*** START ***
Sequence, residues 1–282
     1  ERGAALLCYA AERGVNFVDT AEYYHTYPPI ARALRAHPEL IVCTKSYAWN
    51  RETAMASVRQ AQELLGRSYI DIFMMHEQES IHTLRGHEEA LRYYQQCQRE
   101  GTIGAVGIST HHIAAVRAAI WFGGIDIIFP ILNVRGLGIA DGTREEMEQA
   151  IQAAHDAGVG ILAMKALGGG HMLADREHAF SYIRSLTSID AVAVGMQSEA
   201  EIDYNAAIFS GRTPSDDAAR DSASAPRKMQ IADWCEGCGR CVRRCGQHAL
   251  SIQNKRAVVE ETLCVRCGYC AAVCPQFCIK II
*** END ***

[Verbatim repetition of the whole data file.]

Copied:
Sequence, residues 1–282
     1  ERGAALLCYA AERGVNFVDT AEYYHTYPPI ARALRAHPEL IVCTKSYAWN
    51  RETAMASVRQ AQELLGRSYI DIFMMHEQES IHTLRGHEEA LRYYQQCQRE
   101  GTIGAVGIST HHIAAVRAAI WFGGIDIIFP ILNVRGLGIA DGTREEMEQA
   151  IQAAHDAGVG ILAMKALGGG HMLADREHAF SYIRSLTSID AVAVGMQSEA
   201  EIDYNAAIFS GRTPSDDAAR DSASAPRKMQ IADWCEGCGR CVRRCGQHAL
   251  SIQNKRAVVE ETLCVRCGYC AAVCPQFCIK II